Defining the Lower Limit of a “Critical Bone Defect” in Open Diaphyseal Tibial Fractures

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Abstract

Objectives:

To determine healing outcomes of open diaphyseal tibial shaft fractures treated with reamed intramedullary nailing (IMN) with a bone gap of 10–50 mm on ≥50% of the cortical circumference and to better define a “critical bone defect” based on healing outcome.

Design:

Retrospective cohort study.

Patients:

Forty patients, age 18–65, with open diaphyseal tibial fractures with a bone gap of 10–50 mm on ≥50% of the circumference as measured on standard anteroposterior and lateral postoperative radiographs treated with IMN.

Intervention:

IMN of an open diaphyseal tibial fracture with a bone gap.

Setting:

Level-1 trauma center.

Main Outcome Measurements:

Healing outcomes, union or nonunion.

Results:

Forty patients were analyzed. Twenty-one (52.5%) went on to nonunion and nineteen (47.5%) achieved union. Radiographic apparent bone gap (RABG) and infection were the only 2 covariates predicting nonunion outcome (P = 0.046 for infection). The RABG was determined by measuring the bone gap on each cortex and averaging over 4 cortices. Fractures achieving union had a RABG of 12 ± 1 mm versus 20 ± 2 mm in those going on to nonunion (P < 0.01). This remained significant when patients with infection were removed. Receiver operator characteristic analysis demonstrated that RABG was predictive of outcome (area under the curve of 0.79). A RABG of 25 mm was the statistically optimal threshold for prediction of healing outcome.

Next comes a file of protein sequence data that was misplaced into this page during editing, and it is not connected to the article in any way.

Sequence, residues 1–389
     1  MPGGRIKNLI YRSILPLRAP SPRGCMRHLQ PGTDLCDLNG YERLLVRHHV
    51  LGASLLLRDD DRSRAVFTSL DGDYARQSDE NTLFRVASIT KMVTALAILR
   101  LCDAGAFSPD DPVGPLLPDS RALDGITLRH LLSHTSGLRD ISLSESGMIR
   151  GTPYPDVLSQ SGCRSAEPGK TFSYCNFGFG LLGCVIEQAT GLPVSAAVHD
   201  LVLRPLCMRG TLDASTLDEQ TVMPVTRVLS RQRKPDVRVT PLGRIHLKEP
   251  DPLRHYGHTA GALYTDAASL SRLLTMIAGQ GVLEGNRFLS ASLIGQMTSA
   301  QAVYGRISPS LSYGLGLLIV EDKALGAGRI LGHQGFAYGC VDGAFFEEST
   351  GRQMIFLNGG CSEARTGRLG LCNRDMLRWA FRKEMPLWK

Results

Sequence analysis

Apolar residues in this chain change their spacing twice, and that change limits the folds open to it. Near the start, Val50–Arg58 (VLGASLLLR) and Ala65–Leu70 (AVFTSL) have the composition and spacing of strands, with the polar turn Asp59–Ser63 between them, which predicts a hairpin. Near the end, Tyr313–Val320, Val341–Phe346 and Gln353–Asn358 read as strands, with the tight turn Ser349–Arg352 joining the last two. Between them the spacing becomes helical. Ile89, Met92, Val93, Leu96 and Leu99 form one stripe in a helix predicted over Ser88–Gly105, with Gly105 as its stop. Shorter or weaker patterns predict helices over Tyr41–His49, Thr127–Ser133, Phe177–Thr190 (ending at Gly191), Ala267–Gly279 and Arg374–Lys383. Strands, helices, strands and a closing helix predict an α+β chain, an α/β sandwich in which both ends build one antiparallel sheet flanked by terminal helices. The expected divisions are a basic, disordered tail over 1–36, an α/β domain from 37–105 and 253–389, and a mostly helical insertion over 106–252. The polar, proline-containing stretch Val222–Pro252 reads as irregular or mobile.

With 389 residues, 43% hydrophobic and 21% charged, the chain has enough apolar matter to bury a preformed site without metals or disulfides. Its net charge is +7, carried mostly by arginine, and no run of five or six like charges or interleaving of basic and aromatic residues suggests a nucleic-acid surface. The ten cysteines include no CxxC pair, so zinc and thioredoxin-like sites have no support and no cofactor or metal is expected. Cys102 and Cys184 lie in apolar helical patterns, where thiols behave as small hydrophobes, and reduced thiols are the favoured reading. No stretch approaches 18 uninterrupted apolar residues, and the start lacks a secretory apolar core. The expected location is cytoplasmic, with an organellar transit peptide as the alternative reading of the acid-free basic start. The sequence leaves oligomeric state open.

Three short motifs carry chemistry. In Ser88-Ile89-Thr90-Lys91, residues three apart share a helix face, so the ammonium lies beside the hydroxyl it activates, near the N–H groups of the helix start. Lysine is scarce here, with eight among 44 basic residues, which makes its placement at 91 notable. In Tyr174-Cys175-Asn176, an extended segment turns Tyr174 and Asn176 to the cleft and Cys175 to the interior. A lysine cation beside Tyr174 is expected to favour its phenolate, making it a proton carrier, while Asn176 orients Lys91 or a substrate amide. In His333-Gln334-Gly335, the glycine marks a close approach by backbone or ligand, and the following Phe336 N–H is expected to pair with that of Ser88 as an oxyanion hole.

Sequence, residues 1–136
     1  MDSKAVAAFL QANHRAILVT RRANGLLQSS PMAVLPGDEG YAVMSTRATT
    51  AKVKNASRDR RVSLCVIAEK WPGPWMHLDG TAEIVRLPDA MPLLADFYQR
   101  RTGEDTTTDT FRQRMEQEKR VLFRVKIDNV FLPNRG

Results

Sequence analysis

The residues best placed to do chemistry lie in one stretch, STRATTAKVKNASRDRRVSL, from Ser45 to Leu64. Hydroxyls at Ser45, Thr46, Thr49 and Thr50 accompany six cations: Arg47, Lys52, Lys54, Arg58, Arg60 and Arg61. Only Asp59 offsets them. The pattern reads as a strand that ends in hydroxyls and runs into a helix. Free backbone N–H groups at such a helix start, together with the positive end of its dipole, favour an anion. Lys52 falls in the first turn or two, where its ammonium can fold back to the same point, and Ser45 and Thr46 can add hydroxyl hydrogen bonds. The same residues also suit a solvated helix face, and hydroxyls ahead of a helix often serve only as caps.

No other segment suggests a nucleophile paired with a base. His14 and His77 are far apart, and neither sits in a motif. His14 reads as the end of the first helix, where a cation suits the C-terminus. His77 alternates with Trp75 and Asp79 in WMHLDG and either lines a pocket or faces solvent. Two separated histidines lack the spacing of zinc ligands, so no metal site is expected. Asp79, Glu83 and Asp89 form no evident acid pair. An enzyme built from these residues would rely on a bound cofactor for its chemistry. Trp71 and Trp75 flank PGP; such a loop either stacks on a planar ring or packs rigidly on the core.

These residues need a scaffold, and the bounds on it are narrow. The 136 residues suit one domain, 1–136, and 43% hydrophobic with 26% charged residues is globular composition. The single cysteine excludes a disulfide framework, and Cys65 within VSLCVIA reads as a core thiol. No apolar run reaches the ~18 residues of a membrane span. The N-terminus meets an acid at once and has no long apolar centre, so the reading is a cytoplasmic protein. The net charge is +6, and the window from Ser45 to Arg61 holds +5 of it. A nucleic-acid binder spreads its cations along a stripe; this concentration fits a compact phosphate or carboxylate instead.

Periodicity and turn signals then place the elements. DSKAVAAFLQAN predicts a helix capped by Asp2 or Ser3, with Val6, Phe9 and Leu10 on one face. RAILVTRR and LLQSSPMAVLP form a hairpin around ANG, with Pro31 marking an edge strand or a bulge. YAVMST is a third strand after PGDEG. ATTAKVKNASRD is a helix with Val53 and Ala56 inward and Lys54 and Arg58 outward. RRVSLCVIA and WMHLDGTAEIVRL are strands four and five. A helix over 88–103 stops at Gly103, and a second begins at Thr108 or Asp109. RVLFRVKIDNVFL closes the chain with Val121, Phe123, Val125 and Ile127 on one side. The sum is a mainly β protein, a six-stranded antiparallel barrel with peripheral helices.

Conclusions:

Patients with open diaphyseal tibial fractures treated with IMN and a <25 mm RABG have a reasonable probability of achieving union without additional intervention, whereas those with larger gaps have a higher probability of nonunion. Research investigating interventions for RABGs should use a predictive threshold for defining a critical bone defect that is associated with greater than 50% risk of nonunion without supplementary treatment.

Level of Evidence:

Prognostic Level III. See Instructions for Authors for a complete description of levels of evidence.

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